Frida Kahlo is a household name. If you ask anyone to name a female Mexican artist, they’ll probably say Frida. And thanks to the endless Kahlo-inspired books, movies, and merch that have mushroomed in recent years, they’ll probably also tell you what she looked like — the colorful dresses, the braided hair, the famous eyebrows — before they name any of her artworks. The average American “knows” Kahlo. But what about the other female Mexican artists working at the time? What else could a modern Mexican woman be?
Flores Mexicanas: Women in Modern Mexican Art at the Dallas Museum of Art surveys the ways that Mexican artists depicted women during the tumultuous first decades of the 20th century. The Mexican Revolution brought seismic shifts that were both reflected in and shaped by the country’s artists. “This is a moment where people are wanting to completely change the social, artistic, and cultural order, but then they realize that it’s changing in ways that were not what they intended,” exhibition curator Mark A. Castro told me in a recent Zoom call. Before the war, images of Mexican women focused on urban, European-descended, femmy aristocrats. After the war, the country’s daring female artists forged a new picture modeled after themselves and who they wanted to be. Here are some of their stories.
Olga Costa was born Olga Kostakowsky Fabricant in Leipzig, Germany in 1913. Her family immigrated to Mexico City when Costa was 12, after her father — a Ukranian violinist, orchestra director, and composer — was freed from jail following a political sentence for his Socialist activism. Although she originally trained as a musician, Costa switched gears after seeing one of Diego Rivera’s murals at an amphitheater. She enrolled in the Escuela Nacional de Artes Plásticas in 1933. There, Costa studied with the painter Carlos Mérida, who later called her “the white angel of Mexican painting,” and met her husband, the artist José Chávez Morado, in a lithography course. However, Costa’s studies were brief. Financial troubles forced her to leave the school after only three months, so she was essentially self-taught.
According to the art historian Raquel Tibol, Costa “detested any rule or theory that tried to distinguish trends or values in art.” While Costa didn’t adhere to a specific art style or group, her pictures of people are consistently piercing. In her 1947 self portrait, the artist shows herself turning around to confront the viewer, her eyes meeting ours as she grips a paintbrush in her left hand. “The male artists [of this period] are still pigeonholing women into certain tropes that you’re either a victim, a passive participant, a happy craftsperson, or a mother,” Castro says. In contrast, with this picture Costa situates herself as an active creator and contributor to Mexican cultural life.
Lola Cueto was one of the first female artists of the Mexican modern era. María Dolores Velázquez Rivas was born in Azcapotzalco in 1897. She was one of the Academia de San Carlos’s first female students when she enrolled in 1909, and was the first to be admitted to a nude drawing course. Cueto’s style was heavily influenced by Mexican popular arts and crafts. Along with her paintings, sculptures, prints, and textiles, she made works in papel picado, crochet, and lacquerware. Cueto was also recognized for her puppets and marionettes, which she used to teach children literacy.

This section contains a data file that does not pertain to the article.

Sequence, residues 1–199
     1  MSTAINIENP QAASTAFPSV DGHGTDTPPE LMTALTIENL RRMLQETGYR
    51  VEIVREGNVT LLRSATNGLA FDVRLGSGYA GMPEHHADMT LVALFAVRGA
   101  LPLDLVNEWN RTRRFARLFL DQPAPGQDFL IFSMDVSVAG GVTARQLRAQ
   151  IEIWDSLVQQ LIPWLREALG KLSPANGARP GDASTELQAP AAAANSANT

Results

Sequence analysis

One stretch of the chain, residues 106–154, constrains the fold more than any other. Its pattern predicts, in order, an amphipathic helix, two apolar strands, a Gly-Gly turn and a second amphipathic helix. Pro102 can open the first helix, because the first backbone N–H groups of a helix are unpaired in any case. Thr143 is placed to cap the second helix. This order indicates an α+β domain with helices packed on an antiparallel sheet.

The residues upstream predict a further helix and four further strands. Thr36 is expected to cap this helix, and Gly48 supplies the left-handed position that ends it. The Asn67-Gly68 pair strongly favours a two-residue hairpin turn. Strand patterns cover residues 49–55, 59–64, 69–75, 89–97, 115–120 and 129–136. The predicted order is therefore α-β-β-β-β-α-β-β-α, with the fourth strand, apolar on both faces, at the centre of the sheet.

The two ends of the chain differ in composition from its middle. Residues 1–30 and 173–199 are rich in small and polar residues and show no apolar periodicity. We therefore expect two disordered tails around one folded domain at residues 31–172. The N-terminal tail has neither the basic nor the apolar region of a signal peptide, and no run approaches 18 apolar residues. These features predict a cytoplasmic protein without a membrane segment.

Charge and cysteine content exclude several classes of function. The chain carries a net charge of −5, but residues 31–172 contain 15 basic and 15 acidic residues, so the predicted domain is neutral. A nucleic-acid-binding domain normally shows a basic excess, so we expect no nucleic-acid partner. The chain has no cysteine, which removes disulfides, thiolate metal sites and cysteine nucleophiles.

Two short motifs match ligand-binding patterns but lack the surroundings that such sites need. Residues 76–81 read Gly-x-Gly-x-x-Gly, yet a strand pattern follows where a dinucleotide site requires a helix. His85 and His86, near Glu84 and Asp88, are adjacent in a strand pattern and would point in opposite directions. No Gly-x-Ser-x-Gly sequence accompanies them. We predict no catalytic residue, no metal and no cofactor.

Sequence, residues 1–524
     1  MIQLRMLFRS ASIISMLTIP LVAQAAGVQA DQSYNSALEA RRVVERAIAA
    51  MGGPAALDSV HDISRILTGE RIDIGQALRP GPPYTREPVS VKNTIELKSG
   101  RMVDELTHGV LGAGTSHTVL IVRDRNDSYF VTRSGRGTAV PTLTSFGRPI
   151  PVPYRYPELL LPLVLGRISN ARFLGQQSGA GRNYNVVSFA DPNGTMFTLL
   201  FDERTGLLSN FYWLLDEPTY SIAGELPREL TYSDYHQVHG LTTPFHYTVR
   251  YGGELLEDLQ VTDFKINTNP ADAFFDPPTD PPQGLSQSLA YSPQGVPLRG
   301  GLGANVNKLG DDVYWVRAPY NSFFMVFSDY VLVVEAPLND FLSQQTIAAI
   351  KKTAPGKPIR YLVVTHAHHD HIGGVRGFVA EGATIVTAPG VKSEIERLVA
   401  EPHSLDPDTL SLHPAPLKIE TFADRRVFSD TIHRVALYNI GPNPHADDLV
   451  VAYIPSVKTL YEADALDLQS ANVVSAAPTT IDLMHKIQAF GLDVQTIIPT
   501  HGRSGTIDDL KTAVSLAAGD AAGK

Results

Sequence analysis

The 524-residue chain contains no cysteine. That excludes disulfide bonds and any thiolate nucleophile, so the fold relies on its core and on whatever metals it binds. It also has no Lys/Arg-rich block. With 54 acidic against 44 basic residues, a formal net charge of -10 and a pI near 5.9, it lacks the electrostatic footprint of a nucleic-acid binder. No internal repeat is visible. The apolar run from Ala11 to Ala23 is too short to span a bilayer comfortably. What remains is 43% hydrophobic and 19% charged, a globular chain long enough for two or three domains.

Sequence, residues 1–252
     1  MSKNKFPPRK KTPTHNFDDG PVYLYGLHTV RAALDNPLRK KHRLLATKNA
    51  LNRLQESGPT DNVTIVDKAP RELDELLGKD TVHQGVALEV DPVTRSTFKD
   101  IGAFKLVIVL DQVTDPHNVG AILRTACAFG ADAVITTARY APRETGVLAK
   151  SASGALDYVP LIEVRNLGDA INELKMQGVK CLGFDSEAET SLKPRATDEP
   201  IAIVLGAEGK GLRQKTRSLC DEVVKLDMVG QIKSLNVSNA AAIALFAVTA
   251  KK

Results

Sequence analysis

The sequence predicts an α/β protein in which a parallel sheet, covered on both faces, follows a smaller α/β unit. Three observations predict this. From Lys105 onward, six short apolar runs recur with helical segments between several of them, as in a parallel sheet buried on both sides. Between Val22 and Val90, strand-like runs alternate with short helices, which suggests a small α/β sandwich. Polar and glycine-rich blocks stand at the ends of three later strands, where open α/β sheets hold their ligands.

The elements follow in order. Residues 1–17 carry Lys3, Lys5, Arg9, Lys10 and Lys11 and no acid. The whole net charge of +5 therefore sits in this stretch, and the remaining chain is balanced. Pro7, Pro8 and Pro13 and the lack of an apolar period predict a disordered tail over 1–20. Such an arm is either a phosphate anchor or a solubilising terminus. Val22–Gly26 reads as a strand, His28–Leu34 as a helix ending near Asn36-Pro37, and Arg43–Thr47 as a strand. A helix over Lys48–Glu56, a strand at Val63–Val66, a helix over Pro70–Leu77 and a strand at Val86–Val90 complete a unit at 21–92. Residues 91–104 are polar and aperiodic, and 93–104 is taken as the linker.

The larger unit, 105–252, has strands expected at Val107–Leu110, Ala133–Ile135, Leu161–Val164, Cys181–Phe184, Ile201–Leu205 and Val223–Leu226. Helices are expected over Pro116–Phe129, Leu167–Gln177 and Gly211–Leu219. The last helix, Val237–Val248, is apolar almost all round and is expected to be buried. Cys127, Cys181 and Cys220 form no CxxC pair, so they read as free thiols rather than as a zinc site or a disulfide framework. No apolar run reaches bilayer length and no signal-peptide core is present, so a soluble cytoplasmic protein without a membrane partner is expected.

Cueto’s 1928 tapestry Oaxacan Indian Woman — of an indigenous woman in traditional dress surrounded by flowers, animals, cactus, and mountains — fuses two worlds. Though it refers to rural life through the ancient technique of weaving, the piece was made in the cosmopolitan glow of Paris — where Cueto and her sculptor husband Germán Cueto Vidal were living at the time — through a mixture of hand embroidery and a new technology: the sewing machine. Cueto’s tapestries demonstrate the influence of Indigenism, a movement from the 1920s to 1940s in which Latin American artists and intellectuals elevated indigenous ways of life in their works. Over the next years, Cueto’s tapestries were exhibited in Paris, Barcelona, Holland, New York, and around Mexico, where she and her family returned in 1932.
María Izquierdo was arguably the most successful female artist of her day, but her success was hard-won. Born in Jalisco in 1902, Izquierdo made her first artworks in the late 1920s, and was the first female Mexican artist to exhibit her work outside of the country. In addition to her art practice, Izquierdo wrote for magazines and appeared on the radio promoting women’s rights. In her intense, oneiric paintings, women are strong but often agonized, and sometimes shown chained or even decapitated. The tortured paintings reflect Izquierdo’s precarious situation as a divorced mother of three, and the hostility she faced as a female artist in a world dominated by men.
Case in point: Izquierdo’s 1945 mural commission in a Mexico City federal building was cancelled after she’d already begun due to sabotage by Rivera, Siqueiros, and Orozco, who viewed murals as a masculine medium. But Izquierdo didn’t give up. Castro calls her solitary journey transgressive: “She has a relationship with [the Mexican painter Rufino] Tamayo, but there is no powerful male figure acting as a supporter, protector, or partner. She’s doing this on her own, which comes with much greater risks in that moment in Mexican society.”
These are only three of the many pathbreaking female Mexican artists of this period. While Kahlo’s story is well-known, there’s still much more to explore in the realm of the modern Mexican woman. As Castro says, “A modern Mexican woman can be an artist and is an assertive presence.” It’s worth feeling that presence today.
On view at the Dallas Museum of Art through January 10, 2021